To encourage people to return to work, more states are making it harder for people to stay on unemployment. Many blame the easy benefits that followed the pandemic, including the $300-a-week supplemental federal payment on top of state benefits. Their argument is that people make more money staying home than going back to work.
Several states have begun requiring those receiving unemployment benefits to show they are actively searching for work, and a few will stop providing the additional federal supplement.
President Joe Biden, however, has argued the enhanced federal benefits aren’t why people aren’t going back to work.
“The line has been because of the generous unemployment benefits, that it’s a major factor in labor shortages. Americans want to work. Americans want to work,” Biden said on Monday, CBS News reported. “I think the people claiming Americans won’t work even if they find a good and fair opportunity underestimate the American people.”
Labor experts say the shortage is not just about the $300 payment. Some unemployed people also have been reluctant to look for work because they fear catching the virus. Others have found new occupations rather than return to their old jobs. And many women, especially working mothers, have had to leave the workforce to care for children.
House Minority Leader Brian King, D-Salt Lake City, pointed to those factors while expressing his frustration with Cox’s decision to end the benefits in Utah.
“I mean, this is the perfect example of a disconnect between people in regular lives and people who are struggling to get back on their feet,” King said. “There are many, many people who are concerned — afraid — about returning to the workplace.”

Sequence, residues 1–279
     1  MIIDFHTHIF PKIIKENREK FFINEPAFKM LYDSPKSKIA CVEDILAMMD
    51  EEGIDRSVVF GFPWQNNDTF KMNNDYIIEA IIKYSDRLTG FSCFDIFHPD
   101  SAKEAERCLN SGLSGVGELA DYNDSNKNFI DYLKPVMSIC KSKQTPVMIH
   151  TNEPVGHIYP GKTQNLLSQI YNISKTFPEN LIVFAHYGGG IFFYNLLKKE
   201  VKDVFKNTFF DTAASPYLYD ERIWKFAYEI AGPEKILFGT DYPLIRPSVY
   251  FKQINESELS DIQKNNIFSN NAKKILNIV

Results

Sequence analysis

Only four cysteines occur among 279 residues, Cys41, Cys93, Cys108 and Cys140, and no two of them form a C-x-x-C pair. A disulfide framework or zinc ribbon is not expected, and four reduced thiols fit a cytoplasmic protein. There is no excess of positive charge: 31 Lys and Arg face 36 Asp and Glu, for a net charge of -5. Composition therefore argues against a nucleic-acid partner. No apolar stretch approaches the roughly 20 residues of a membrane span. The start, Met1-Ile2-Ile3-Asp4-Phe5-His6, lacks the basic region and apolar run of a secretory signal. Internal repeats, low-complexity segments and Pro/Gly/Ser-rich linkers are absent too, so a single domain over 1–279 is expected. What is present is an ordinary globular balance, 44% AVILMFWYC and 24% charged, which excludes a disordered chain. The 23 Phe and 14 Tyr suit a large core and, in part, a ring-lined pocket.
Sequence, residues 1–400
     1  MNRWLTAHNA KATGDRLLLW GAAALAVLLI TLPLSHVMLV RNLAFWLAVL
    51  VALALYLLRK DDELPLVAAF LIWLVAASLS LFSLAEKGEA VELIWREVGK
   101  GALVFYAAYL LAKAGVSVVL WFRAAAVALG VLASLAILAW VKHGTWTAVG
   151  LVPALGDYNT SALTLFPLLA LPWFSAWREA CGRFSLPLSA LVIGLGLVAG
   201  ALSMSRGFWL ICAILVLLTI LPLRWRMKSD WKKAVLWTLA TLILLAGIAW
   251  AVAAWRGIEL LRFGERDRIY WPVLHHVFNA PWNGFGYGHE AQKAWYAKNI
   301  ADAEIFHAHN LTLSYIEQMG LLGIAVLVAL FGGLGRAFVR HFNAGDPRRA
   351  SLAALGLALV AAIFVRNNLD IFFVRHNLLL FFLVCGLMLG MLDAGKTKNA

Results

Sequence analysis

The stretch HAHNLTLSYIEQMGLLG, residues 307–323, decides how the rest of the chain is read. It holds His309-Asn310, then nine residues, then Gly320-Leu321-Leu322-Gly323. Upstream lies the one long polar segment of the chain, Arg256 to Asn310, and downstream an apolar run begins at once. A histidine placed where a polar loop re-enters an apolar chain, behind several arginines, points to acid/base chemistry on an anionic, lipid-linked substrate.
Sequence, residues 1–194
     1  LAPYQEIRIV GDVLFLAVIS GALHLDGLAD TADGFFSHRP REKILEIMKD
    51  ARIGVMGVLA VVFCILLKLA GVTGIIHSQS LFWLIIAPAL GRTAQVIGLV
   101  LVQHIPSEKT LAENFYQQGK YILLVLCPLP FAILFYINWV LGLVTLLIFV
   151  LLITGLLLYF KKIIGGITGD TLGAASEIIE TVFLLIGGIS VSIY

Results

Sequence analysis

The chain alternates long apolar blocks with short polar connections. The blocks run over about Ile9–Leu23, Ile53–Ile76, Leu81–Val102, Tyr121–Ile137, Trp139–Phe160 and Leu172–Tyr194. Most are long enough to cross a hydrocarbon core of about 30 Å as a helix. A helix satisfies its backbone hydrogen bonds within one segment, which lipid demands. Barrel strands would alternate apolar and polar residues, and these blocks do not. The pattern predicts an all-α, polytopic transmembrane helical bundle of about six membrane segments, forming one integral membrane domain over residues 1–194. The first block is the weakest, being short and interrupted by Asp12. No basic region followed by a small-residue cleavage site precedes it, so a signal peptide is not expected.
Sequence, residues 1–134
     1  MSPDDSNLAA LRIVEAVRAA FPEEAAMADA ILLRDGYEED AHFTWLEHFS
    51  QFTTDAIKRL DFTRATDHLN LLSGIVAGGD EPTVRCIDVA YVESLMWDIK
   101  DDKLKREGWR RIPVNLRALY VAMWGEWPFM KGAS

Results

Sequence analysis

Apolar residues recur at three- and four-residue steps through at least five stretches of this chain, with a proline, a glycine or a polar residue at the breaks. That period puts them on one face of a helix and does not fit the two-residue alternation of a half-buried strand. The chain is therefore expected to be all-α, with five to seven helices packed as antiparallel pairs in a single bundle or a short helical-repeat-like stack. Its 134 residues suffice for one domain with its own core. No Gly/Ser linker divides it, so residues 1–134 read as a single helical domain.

What “frustrates me the most,” King said, is Cox’s decision “reflects this thinking of many on the other side of the aisle that people don’t want to work. That’s fundamentally wrong.”
King, who owns a law firm where he works as an attorney specializing in insurance claims, said he’s had “very few people coming to me and saying anything other than, ‘I very badly want to get back to work, and I can’t do it.’”
“I’m not saying there’s nobody out there that wouldn’t take advantage of the system,” King added, “but the reality is ... it’s a very low number.”
“And the frustrating thing to me is they’re pulling the rug out from under a bunch of people who rely on the assistance,” King said, noting that in order to receive those benefits Utahns had to have already gone through the process of qualifying for unemployment.”
For businesses who are struggling to find employees, King said perhaps they need to pay more to be more competitive.
“That’s the world we live in, it’s called a free market,” King said, adding there’s “nothing wrong” with employees expecting more from their employers. “We’re so used to looking at things from the perspective of the employer. ... How about workers for crying out loud?”